In the last few weeks, we have written about patent prosecution spending in the US using our revenue and cost estimation models. First, we estimated the size of the US patent prosecution market to be around $10B per year. About ⅓ of this amount is the revenue generated by the USPTO and the remaining ⅔ is revenue generated by law firms. Then, we ranked the top 10 firms by their estimated patent revenue (Patexia Insight 92).
Our model is new and we are closely working with a number of law firms to improve it. So far and based on the initial feedback, it seems that our patent prosecution estimates have become much more accurate and close to the actual revenue numbers.
This week, we are going to estimate the IP spending by the largest client of the patent office, IBM and see which firms benefit from this massive annual spending besides the patent office.
IBM has been the largest client of the USPTO for several decades now (27 years in a row). The following chart shows the number of US patents the company has obtained over the last five years.
As we have shown in previous articles, we have built a financial model to estimate the IP spending/revenue for corporations and law firms.
Since the most recent filings are not fully disclosed by the patent office and normally it takes 18 months for the application to be published, our estimates tend to be more accurate for earlier years. The following pie chart shows the estimated spending by IBM on US patents in 2017 which is around $278M.
Based on our model, the company approximately paid $63M to the patent office in 2017. $42.7M of this amount was the USPTO fees related to new filings and around $20.7M was the maintenance cost of the US patent portfolio to keep its important assets enforceable.
According to the USPTO Annual Performance Report published for the fiscal year 2017, the patent revenue of the office was approximately $2.8B. This means that IBM approximately contributed 2.2 percent of that revenue.
Based on our financial models, we also estimate that the company spent close to $214M on attorney’s fee for its ongoing patent prosecution in the US. The following chart shows the top 10 firms based on the estimated revenue they generated from IBM in 2017.
We have estimated the revenue for these firms generated in 2017 for the work they performed for IBM. The following table summarizes their estimated revenue generated from IBM in 2017.
|Law Firm||2017 Attorney's Fees||2017 USPTO Fees||2017 Patents|
|Tutunjian & Bitetto||$14,405,689||$2,703,754||382|
|Heslin Rothenberg Farley & Mesiti||$10,053,288||$1,868,615||244|
|Scully, Scott, Murphy & Presser||$9,147,969||$1,960,067||440|
|Roberts Calderon Safran & Cole||$7,709,043||$1,343,431||212|
|Ryan Mason & Lewis||$6,090,559||$1,009,853||212|
|Patterson & Sheridan||$5,904,278||$1,224,636||261|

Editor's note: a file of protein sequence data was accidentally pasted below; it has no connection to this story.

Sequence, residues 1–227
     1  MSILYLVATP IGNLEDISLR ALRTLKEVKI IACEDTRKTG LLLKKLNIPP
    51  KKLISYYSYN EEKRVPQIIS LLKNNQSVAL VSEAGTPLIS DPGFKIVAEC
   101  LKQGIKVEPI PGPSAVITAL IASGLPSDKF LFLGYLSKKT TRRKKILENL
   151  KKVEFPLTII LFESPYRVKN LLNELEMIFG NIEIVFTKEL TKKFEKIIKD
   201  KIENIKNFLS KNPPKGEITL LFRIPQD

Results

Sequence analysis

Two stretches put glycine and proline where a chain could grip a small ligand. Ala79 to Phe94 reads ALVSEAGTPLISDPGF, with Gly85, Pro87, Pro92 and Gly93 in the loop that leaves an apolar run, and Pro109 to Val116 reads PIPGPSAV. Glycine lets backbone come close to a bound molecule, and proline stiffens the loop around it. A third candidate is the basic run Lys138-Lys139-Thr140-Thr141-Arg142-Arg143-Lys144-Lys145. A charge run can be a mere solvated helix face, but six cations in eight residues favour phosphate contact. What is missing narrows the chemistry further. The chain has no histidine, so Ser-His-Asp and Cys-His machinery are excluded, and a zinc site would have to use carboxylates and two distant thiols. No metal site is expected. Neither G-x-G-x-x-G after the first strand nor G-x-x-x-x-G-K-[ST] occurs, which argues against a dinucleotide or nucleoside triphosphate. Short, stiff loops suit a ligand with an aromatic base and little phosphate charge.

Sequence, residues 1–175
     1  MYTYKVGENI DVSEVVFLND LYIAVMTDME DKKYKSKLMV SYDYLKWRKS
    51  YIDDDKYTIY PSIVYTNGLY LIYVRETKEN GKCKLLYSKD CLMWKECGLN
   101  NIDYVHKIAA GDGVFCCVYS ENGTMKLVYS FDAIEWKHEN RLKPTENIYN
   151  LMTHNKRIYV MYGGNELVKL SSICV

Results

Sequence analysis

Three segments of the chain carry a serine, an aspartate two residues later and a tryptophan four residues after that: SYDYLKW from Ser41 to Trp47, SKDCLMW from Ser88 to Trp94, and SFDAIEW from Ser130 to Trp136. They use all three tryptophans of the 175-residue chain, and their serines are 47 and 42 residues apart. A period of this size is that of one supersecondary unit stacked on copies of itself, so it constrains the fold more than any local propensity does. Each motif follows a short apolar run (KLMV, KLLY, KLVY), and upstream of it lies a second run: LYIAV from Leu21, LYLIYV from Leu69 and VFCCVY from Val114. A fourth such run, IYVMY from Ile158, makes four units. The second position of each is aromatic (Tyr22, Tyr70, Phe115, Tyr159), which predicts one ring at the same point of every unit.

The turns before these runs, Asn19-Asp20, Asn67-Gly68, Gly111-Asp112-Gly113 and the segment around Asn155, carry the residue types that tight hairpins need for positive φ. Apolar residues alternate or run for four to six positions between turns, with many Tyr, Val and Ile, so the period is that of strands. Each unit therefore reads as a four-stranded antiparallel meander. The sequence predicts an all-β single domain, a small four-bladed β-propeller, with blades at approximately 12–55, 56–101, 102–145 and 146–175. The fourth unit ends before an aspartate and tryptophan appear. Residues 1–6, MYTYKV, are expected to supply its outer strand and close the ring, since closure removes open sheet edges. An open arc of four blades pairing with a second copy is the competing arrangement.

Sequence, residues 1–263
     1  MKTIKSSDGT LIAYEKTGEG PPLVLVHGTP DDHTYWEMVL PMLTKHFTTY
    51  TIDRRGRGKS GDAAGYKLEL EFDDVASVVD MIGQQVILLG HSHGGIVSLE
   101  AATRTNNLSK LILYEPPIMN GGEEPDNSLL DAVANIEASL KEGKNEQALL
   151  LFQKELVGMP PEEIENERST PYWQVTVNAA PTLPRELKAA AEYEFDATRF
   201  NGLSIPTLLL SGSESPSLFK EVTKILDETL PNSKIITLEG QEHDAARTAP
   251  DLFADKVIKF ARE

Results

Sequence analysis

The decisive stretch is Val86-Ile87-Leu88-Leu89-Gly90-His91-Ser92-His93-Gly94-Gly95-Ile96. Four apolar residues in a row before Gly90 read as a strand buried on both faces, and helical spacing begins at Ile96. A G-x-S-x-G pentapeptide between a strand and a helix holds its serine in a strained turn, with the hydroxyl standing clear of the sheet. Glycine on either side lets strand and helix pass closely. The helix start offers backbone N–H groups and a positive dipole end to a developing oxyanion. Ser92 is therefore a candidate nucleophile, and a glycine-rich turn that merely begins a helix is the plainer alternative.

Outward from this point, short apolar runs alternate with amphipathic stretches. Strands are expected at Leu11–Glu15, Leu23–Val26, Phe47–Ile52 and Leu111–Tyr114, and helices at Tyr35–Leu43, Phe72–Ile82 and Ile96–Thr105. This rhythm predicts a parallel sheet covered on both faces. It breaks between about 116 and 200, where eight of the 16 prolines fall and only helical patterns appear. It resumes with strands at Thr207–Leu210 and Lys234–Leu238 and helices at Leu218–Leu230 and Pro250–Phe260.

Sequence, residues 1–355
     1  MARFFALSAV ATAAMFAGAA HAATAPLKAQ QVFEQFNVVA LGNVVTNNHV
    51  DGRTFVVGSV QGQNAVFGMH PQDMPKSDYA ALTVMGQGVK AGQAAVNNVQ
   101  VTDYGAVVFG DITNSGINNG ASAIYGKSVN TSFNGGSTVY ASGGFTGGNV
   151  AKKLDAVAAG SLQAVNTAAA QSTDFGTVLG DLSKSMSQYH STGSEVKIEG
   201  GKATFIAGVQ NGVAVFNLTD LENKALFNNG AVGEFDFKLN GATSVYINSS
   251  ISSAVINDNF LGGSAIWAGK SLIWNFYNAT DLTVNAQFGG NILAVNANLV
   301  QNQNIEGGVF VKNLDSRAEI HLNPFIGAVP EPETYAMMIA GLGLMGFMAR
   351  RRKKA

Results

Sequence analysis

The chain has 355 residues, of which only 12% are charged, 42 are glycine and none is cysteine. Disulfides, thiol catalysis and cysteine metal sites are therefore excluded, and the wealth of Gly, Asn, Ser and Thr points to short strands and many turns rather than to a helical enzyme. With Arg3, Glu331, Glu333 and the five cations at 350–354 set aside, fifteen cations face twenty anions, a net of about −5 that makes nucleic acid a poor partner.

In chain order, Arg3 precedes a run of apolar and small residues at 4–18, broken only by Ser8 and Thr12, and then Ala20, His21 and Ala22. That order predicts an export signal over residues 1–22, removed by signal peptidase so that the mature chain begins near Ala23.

|Schmeiser Olsen & Watts||$5,221,018||$1,102,462|
Our data suggest that IBM worked with more than 120 patent firms in 2017 but the top 10 most likely earned almost 45 percent of IBM’s spending on US patent prosecution.
It is important to remember that IP spending in the US is only part of IBM’s allocated budget for the IP each year as the company also actively files in other jurisdictions and the filing and annuity payments easily increase the overall spending by multiple times.
While we don’t have the exact number for IBM’s global IP revenue, IBM’s annual filings indicate that the company’s IP revenue in the order of $1B, generated mostly from licensing and sale of patent portfolios. It is very difficult from outside to figure out if the company’s IP as a business unit is profitable, especially if we consider the cost of the internal IP operations including the inhouse team, search team, licensing team, software and other tools, travel expenses, …. But it is understood that a big part of this spending is to protect the existing products and their market share in the jurisdictions that the company has ongoing business and customers.
Food for thought?
One of the questions that have been circulating in the IP community is whether USPTO might lose some of its long term clients or if its revenue would go down in the coming years if companies see their IP spending has limited impact in the long run because of the recent challenges of enforcing their IP rights.
Another question is about filing activity in the era of AI and access to big data. For example, is this the right strategy to file 9000+ patent applications each year given the fact that more than 90% of these patents are going to expire worthless? Can we use AI to target the filings based on future trends? Is this high filing activity partly for marketing purposes and to establish the company’s brand as a top innovator or is it to generate licensing revenue?
We have built similar models for PTAB and trademark as well but we are still testing them and they are not as accurate. The goal is to help law firms and companies compare their IP revenue or spending with others as these models become more reliable and accurate.